The CD opens with "First Shot," an update of the rhythmic feel of "Toys" from Hancock's Speak Like a Child (Blue Note, 1968). A laid-back piece with light, effervescent swing, it includes an elegant solo by Broadhurst and graceful lines by saxophonist Roger Manins. Other highlights include "Flaubert's Dance," a pretty, wistful melody dedicated to pianist Enrico Pieranunzi, which includes a strong solo by bassist Olivier Holland. "Straight and Narrow" is a gorgeous ballad with an undercurrent of sorrow, full of delicate lacework and exquisite tenderness, with sensitive brushwork by drummer Cameron Sangster.

"Stretched" invokes the joyful sounds of pianist Eliane Elias: a bright, bold tune with wonderful rhythmic propulsion. Manins' lines are delightfully supple, and trumpeter Mike Booth's lively solo adds further color and depth. The CD ends with "Scoreless," dedicated to the Tomasz Stańko Quartet and inspired by the spirit of the venerable ECM label. A reflective song that unfolds at a thrillingly languid pace, it starts off with a simmering drum and bass duet, eventually joined by Broadhurst's luminous piano and Manins' lovely, relaxed tenor.

Prolific and sensitive, hard-working and curious, Broadhurst is a model of the jazz musician in full bloom. Flaubert's Dance is an abundant work bursting with beauty and tenderness, with just the right notes throughout.

 

Review by Simon Sweetman, Off the Tracks

I always end up praising Rattle in reviews of Rattle product – but you know, here’s a wee label that’s committed to decent/lovely packaging, liner notes, albums with smart design, lovely covers – they’re making CDs for CD buyers/collectors. You can argue all you like about the pointlessness of that, about whether CD buyers even exist anymore but I love what Rattle does. And it would all mean nothing if the quality of the music wasn’t strong. And it is. That’s the main thing I love about what Rattle does. I don’t love every single release but there’s a consistency across their releases of the last couple of years particularly…

So here we have the new outing from jazz pianist Phil Broadhurst. He’s joined here by Oli Holland (bass), Roger Manins (sax) and Cameron Sangster (drums). They’re joined on three of the tracks here by guest trumpeter Mike Booth.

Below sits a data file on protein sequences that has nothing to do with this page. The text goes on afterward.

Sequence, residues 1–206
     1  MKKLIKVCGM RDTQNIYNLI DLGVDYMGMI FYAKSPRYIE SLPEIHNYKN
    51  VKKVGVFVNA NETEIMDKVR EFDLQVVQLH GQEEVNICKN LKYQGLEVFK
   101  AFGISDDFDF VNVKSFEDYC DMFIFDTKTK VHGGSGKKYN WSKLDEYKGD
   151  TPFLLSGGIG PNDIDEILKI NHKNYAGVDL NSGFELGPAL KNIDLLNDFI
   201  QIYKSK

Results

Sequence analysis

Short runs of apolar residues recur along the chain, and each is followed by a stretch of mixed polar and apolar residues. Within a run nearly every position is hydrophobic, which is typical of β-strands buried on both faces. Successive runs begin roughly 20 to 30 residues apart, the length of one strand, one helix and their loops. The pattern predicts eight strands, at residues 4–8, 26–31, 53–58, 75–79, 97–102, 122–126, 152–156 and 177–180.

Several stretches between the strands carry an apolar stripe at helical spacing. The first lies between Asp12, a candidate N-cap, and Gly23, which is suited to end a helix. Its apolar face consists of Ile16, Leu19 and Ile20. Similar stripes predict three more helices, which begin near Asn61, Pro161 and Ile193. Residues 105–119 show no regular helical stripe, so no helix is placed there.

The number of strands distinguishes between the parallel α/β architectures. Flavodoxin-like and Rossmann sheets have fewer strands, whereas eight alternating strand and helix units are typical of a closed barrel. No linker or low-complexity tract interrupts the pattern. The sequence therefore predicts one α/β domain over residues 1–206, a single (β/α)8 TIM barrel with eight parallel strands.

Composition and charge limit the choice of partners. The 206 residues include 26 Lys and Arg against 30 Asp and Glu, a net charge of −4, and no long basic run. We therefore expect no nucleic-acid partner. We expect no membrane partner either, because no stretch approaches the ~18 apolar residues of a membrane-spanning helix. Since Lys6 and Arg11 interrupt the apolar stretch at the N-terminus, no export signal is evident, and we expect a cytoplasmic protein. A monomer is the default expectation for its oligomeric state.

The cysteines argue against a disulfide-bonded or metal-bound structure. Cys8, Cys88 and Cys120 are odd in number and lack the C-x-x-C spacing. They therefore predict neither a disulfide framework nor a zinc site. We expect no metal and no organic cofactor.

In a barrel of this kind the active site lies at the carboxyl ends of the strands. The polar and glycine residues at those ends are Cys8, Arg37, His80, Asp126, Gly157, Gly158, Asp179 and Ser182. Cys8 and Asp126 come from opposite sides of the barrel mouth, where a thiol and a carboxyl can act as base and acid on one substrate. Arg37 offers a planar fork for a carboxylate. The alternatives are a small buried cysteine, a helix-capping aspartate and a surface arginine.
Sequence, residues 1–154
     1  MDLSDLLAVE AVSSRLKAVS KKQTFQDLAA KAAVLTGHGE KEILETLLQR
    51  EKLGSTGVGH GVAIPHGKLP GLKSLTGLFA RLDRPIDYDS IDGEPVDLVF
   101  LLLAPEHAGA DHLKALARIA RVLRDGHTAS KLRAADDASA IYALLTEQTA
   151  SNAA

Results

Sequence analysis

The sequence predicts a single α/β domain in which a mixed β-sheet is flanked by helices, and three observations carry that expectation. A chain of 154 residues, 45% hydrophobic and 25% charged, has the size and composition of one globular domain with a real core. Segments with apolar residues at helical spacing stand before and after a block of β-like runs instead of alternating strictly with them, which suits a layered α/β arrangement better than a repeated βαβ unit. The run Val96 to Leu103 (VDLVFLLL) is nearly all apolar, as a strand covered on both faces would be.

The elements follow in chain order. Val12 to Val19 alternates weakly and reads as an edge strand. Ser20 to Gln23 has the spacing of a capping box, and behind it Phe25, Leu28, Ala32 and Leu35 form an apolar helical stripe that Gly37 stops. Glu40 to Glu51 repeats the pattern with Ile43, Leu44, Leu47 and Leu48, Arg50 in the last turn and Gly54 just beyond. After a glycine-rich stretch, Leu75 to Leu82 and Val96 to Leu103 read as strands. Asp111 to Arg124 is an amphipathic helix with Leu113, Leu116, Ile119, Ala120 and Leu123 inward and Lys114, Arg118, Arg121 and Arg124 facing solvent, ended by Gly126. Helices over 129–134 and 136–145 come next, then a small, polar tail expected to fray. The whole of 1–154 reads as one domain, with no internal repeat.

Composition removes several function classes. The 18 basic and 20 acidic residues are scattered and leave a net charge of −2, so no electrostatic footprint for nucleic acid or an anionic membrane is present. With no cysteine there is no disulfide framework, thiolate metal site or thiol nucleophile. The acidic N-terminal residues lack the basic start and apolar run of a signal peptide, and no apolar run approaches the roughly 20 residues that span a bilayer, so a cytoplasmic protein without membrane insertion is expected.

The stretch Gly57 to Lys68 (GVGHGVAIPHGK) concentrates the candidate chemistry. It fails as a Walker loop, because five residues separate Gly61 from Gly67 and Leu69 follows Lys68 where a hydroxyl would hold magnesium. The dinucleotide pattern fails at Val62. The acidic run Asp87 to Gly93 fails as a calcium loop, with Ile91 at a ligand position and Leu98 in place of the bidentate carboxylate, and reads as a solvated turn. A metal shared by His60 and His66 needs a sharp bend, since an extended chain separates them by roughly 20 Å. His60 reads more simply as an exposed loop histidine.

It’s a confidant collection of light, breezy swing tunes and gorgeous balladry and it’s another in a long line of solid releases, of wonderful work, from Broadhurst. He’s a great player/composer/arranger/bandleader and his commitment to jazz is something that Kiwis should certainly be proud of.

This is such an easy album in the sense of putting it on and falling in love with it. I’ve had this record on a loop at times – particularly in the wee small hours; for some reason I keep coming back to this album at 4am, 5am, 6am – the evocations of a rainy night in the sway and willowy wilt of the brushes against Broadhurst’s keys, the interplay between Broadhurst and Manins, the proud nods from Holland – supporting the ship. It’s all so easy – to listen to that is. They make it all so easy. I’ve loved living with this album for several months now. I look forward to many journeys with it for the years ahead.

 

Review by Mike Alexander, Sunday Star Times

As one of Rattle's more profilic artists, the first recipient of the MNZM award for services to jazz in 2001 and a three-time winner of Jazz Album of the Year, oianist and composer Phil Broadhurst is one of the main reasons why jazz in New Zealand is so vital and vibrant. Flaubert's Dance is a tribute album of sorts to some of his seminal influences, such as Herbie Hancock (First Shot) and ECM artists Keith Jarrett (Loping), Tomasz Stanko (Scoreless) and Manu Katche (Integrity), but Broadhurst, in quartet-mode with Roger Manins, Oliveir Holland and Cameron Sangster, aided by trumpeter Mike Booth, has that rare ability to acknowledge a love affair and take it in a direction where only he can go.